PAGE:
Kennard’s playoff splash cements his standing as a Pistons cornerstone
Gary Dineen/NBAE/Getty Images
AUBURN HILLS – There are two glaring takeaways from the opening two games of Dwane Casey’s first postseason run with the Pistons. The first falls under the category of “duh,” but the second comes as a revelation.
The most obvious fact put into evidence over games 1 and 2 at Milwaukee is that, indeed, Blake Griffin – yet to play as he deals with a cranky left knee – is as important to the Pistons as it seemed when he was at the heart of every meaningful offensive possession of their season.
The second unmistakable conclusion of the past week is that Luke Kennard has moved past “young building block” stage to the “franchise tent pole” phase of his career. Barring unlikely major roster upheaval this summer, there will be no Pistons player after Griffin and Andre Drummond more integral to 2019-20 game planning and success than Kennard.
In line with 98 percent of all who enter the NBA, Kennard’s career through two seasons hasn’t been an unbroken linear progression. There were fits and starts because there always are. He had the critical off-season between rookie and second seasons taken from him by a knee injury, played that second season under a different head coach and played catch-up on conditioning and winning a new coach’s trust through preseason and the early going.
Somewhere in the middle of the season, the good games became more common, the frequency of appearances where Kennard would go several minutes without making his presence felt diminishing. Since the All-Star break, his minutes went from 21 to 26 a game, his scoring from 8.4 to 11.7, his 3-point shooting from .366 (good) to .427 (superb).
In two playoff games, he’s led the Pistons in scoring each time, averaging 20 points. Small sample size, to be sure, but scoring 21 off the bench and 19 in the starting lineup against the NBA’s No. 1 defense in a player’s first playoff taste is, at minimum, encouraging.
And for those who sneer at the value of earning a playoff berth when the history of the NBA affirms the remote odds of the eighth seed advancing, Kennard’s words – even without the benefit of watching his eyes widen to underscore his point – validate what Casey has touted as its virtues.
“I remember talking to one of my coaches about how excited I was. I was asking questions about what the playoffs were like, going back to March Madness,” Kennard said. “He said it’s another level. I was excited to get out there and show what I can do. It’s a different atmosphere. The intensity is at another level. The speed, the physicality, things you can get away with – it’s different.”
Casey’s been on an NBA bench for more than two decades and seen the impact of first playoff experiences on young players over time.
“The growth of those young men, the experience they’re getting, it’s invaluable,” he said. “Luke Kennard will look back two years from now, even Khyri (Thomas) in the few minutes he got feels the atmosphere, the intensity, the attention to detail he’s gone through in these practices to get ready for the playoffs.”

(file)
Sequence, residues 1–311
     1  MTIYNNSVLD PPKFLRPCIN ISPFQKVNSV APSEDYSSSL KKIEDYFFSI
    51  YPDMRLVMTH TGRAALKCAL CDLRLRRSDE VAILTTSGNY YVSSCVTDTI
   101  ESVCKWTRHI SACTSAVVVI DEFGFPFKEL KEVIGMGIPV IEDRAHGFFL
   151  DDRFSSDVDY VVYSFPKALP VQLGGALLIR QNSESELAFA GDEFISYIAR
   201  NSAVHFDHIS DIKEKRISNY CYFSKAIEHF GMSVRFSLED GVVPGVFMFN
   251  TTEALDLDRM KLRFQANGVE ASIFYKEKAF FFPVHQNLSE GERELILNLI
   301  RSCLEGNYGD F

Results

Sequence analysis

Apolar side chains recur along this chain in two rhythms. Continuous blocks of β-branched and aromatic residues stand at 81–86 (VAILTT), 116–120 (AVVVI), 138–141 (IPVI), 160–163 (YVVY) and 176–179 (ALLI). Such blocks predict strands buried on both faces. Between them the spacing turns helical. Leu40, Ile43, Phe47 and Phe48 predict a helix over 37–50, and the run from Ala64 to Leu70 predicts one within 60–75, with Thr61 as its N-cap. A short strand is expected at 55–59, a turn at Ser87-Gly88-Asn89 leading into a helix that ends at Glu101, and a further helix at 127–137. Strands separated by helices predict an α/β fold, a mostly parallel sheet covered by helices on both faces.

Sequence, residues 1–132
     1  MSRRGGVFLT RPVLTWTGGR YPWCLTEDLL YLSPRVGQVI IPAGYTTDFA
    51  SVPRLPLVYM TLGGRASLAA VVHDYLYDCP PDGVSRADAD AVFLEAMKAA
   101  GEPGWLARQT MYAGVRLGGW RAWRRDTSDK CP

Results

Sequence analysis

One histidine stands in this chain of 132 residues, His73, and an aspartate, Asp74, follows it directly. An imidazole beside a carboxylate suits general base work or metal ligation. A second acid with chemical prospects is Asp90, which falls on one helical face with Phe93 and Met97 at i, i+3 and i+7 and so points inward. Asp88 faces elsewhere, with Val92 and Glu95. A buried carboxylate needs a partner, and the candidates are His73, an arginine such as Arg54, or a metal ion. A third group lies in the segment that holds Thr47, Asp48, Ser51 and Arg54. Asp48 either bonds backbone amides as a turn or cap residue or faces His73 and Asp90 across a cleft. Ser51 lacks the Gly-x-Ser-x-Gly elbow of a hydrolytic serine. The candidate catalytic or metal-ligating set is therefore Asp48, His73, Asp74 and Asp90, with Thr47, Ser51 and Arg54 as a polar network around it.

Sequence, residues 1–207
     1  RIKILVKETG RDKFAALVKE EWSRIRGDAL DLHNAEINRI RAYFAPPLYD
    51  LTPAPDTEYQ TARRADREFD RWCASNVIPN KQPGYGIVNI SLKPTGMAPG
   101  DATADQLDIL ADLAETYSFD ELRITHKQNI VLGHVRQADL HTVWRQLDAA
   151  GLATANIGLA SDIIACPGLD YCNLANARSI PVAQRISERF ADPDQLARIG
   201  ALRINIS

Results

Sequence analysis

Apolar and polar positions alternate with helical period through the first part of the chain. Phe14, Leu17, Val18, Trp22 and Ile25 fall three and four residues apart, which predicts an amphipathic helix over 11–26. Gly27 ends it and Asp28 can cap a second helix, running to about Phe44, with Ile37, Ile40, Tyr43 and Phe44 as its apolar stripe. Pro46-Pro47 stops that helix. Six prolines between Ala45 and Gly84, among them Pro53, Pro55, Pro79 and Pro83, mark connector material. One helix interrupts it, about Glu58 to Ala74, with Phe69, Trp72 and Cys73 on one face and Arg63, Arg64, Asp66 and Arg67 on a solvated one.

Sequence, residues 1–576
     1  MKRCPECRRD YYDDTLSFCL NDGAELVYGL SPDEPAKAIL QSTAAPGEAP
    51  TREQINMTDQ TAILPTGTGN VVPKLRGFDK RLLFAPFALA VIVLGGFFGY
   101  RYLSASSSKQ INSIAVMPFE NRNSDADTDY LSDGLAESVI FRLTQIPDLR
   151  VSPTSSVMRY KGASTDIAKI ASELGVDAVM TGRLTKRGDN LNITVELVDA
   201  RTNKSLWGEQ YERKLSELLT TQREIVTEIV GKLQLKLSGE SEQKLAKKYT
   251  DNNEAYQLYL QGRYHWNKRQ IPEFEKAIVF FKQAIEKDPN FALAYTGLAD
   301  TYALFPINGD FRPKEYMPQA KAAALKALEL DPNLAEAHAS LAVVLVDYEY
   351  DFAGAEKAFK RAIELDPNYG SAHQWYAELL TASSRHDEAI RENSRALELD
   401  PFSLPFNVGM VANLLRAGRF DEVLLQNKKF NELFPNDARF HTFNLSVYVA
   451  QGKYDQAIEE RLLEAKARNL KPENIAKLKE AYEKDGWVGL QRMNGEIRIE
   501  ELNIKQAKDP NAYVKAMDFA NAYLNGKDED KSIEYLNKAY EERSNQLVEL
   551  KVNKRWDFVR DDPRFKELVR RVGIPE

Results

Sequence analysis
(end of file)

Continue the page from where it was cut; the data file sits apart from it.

Even as Kennard began displaying over the past few months an essential quality common to those who experience lasting NBA success – consistency – it was Casey’s call that he best served Pistons ends by coming off the bench. It made sense with Griffin so ball dominant with the first unit. Without him, it’s a luxury Casey could no longer afford.
Next season, if Thomas and Svi Mykhailiuk take the steps Casey anticipates and the front office uses another off-season to tailor the roster to fit Casey’s style, maybe the Pistons will have enough firepower coming off the bench to move Kennard to the starting lineup permanently, pair him with Griffin and make the Pistons an offense dynamic enough to hang with the likes of Milwaukee.
It will be another big summer for Kennard. Whether he’s starting or playing a super sub role, his minutes are almost sure to head north even from the 26 a game he’s logged since the All-Star break. He says working on his body will be a focal point of the summer.
Ask Casey what’s next for Kennard at the offensive end and turns the question on its ear and in doing so buzzes past a reference that tells you where they think his career could be headed.
“I’m not worried about his offense. I’m worried about him defensively. That’s his next step,” Casey said. “I love him to death, but his challenge to be an All-Star type player is to play both ends of the floor. Don’t be a one-trick pony. So I’m not even going to talk to him about offense. The offense is going to come. He’s naturally gifted offensively.”
You caught the part about the steps ahead of him to become an “All-Star type player,” right?
Sure, the Pistons could hit on a budding star with the 15th pick in the draft. Yes, Ed Stefanski’s front office might turn the mid-level exception into a critical rotation piece or two. There’s always the chance a trade will yield ideal chemistry fits. But the best chance for the Pistons to make the same incremental gains in year two of the Casey era that were registered in year one will come from the internal growth of the handful of 25 and under players on the roster.
At the front of that line is Luke Kennard. Seeing him thrive in the cauldron of the NBA playoffs alone makes it a worthwhile journey for the Pistons.